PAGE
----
This study aimed to characterise the doctors who wrote comments at the end of a postal questionnaire about their careers, to quantify the frequency of negative comments, and to study relationships between the questionnaire content and the topics of comment. Graduates of all UK medical schools in 1999 were surveyed at the end of their pre-registration year. Structured questions about career intentions, current jobs and attitudes were accompanied by an invitation to write comments about any aspect of training, career choices or work. Comments were transcribed and coded according to theme and whether they were positive, negative or neutral. Numbers of comments on each theme, and of positive and negative comments, were counted. Bivariate analyses based on respondents’ answers to structured questions were used to characterise those who wrote comments on each theme. The survey response rate was 65%, and 40% of respondents wrote comments. Sixteen themes were identified. Ninety-four percent of those who commented said something negative or critical. Respondents who wrote comments differed in some characteristics from the whole cohort. The structured content of the questionnaire, particularly certain attitude statements, prompted the writing of comments on related themes, although not all attitudinal items acted in this way.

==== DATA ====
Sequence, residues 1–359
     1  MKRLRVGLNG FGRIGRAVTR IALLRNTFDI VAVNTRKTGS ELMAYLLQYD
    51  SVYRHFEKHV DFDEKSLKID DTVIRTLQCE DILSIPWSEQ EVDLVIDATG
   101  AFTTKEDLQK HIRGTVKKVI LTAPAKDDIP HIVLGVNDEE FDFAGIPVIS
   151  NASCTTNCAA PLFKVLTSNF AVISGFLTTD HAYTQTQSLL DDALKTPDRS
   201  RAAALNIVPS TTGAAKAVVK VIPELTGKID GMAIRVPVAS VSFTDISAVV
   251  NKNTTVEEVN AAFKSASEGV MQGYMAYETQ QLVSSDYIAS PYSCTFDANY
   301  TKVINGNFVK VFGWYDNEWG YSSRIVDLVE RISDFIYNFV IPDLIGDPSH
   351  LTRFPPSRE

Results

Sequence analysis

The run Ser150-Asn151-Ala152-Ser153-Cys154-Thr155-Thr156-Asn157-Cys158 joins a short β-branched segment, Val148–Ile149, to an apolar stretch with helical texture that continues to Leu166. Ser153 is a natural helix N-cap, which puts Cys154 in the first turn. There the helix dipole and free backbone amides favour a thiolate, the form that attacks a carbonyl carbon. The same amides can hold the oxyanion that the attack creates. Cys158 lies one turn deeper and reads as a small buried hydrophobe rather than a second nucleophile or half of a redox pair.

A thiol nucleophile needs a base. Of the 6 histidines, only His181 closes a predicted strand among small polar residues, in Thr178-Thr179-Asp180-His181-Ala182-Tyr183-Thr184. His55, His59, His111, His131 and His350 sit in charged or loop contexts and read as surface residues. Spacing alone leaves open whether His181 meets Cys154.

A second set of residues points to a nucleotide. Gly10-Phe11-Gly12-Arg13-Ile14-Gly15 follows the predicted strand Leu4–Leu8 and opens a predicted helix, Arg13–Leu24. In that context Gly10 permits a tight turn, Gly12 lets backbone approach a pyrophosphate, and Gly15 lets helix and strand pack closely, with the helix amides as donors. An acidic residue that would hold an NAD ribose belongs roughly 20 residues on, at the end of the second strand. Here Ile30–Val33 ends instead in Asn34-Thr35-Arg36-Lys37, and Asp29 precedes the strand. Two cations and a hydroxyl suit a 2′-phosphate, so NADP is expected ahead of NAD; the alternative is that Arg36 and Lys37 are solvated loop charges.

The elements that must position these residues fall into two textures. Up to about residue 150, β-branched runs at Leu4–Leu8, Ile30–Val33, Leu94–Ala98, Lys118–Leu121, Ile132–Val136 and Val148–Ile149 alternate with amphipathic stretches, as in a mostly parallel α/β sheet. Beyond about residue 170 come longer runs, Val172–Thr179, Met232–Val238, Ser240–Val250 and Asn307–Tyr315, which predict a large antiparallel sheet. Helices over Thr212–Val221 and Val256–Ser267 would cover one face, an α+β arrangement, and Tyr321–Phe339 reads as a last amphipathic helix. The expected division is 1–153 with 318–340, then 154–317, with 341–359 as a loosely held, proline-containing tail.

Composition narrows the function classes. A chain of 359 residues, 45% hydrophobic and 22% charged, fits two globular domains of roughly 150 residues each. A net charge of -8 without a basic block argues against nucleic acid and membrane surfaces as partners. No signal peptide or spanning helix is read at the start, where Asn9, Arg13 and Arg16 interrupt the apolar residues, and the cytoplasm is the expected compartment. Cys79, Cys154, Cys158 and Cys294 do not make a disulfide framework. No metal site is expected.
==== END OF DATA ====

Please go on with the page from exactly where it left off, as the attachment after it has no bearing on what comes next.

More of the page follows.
Quality & Quantity – Springer Journals
Published: Sep 9, 2004
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